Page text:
Child time sharing can be a complicated time during divorces, mainly because the divorcing couples have to work out the details on how long a child will spend with each parent. In contentious cases, the court may have to decide how much the child will see a particular parent following divorce. But here at Blumenauer | Hackworth Law Firm, we want the divorcing couples to work together to come up with a child time sharing plan on their own.
Sometimes that’s impossible, and the court will have to make a decision based on various factors. However, you might automatically assume because the child is possibly closer to their mother when under the age of 13, the court will give precedence to the mother instead.
This was once known as the “Tender Years Doctrine” that assumed the care of a mother was more meaningful and important to a younger child than being cared for by the father.
The above doctrine was once fairly uniform throughout the United States during divorce and child custody cases. In fact, it lasted up until more recent years, including here in Florida. Eventually, a statute was created here that abolished this from the record since it was realized circumstances can differ in today’s times.
Will Precedence Still Be Given to the Mother?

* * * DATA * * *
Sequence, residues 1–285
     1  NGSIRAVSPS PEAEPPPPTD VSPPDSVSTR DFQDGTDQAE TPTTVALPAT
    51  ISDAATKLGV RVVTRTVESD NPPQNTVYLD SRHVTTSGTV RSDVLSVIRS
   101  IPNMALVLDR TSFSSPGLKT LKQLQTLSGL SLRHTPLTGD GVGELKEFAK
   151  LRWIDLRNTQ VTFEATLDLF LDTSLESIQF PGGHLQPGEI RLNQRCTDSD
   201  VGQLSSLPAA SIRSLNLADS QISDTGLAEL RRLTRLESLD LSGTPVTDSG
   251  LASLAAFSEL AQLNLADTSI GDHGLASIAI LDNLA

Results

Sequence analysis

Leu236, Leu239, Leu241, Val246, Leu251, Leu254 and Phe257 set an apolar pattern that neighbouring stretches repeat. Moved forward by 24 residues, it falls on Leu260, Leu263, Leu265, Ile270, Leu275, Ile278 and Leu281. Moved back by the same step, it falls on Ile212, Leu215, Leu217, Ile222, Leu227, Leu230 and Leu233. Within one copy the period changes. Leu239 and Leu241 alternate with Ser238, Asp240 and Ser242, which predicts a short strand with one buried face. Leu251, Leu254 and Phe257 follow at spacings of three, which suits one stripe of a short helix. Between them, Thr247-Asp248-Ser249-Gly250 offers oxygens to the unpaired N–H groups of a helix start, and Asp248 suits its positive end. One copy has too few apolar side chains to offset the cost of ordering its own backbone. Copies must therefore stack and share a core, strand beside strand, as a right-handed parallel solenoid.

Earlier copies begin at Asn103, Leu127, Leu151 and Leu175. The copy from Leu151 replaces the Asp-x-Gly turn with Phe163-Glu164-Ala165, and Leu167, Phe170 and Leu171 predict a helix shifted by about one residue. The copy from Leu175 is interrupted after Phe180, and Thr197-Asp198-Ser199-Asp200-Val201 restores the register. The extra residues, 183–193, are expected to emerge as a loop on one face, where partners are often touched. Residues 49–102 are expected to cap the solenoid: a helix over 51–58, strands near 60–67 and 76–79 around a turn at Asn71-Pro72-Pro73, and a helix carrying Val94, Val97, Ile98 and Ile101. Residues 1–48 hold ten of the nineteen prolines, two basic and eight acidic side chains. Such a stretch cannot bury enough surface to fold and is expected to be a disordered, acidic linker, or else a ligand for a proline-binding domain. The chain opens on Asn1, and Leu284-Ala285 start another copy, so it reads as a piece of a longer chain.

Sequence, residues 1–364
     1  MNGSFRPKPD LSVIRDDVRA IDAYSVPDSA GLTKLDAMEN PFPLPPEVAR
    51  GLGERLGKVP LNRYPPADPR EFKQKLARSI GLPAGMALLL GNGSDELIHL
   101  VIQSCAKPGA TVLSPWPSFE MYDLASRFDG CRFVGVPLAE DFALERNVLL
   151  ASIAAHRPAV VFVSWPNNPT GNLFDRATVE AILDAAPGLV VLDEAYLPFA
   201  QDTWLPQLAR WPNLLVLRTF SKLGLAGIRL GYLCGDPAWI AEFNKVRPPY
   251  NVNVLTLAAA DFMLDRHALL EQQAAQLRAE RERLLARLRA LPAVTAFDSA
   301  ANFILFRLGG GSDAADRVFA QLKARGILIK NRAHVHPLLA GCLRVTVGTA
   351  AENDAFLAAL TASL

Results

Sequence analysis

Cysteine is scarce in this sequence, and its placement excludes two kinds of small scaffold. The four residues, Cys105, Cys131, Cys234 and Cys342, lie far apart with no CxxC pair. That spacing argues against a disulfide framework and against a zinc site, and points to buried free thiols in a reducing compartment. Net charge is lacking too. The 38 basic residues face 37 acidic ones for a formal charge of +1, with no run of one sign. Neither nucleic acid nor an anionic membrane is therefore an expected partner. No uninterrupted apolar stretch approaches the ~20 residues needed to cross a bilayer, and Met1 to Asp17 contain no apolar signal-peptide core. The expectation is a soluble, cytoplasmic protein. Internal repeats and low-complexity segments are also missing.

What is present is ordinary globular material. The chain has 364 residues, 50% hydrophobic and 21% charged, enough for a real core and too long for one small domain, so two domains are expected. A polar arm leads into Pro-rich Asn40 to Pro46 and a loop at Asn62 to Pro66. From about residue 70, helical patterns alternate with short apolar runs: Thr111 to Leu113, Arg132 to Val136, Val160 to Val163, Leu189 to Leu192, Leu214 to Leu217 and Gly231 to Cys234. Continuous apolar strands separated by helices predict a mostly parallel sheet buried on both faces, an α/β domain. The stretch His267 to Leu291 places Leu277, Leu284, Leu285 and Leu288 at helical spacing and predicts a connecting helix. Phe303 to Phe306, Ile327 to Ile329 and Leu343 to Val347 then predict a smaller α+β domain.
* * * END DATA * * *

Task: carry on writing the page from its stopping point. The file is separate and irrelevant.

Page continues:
Now, when the court here in Florida has to decide child time sharing, it’s going to go strictly by personal reasons rather than assuming the mother is the best choice. With times changed and fathers sometimes being stay-at-home dads (while even working from home), it could be that the father would provide just as much as the mother would to a child under 13.
Most of all, the court is going to look at factors like financial standing, physical and mental health, plus any history of abuse. All of these, plus the personal preference of the child, will be taken into account on how much the child sees each parent. If the court sees egregious issues with one parent (perhaps the father), then the mother could still get sole custody.
Contact us here at Blumenauer | Hackworth Law Firm if you’ve just been divorced and are planning child time sharing. We’ll represent you and help you through the process via your own plan or through the court’s. Either way, you need legal representation to help you through what can be sometimes a very contentious time.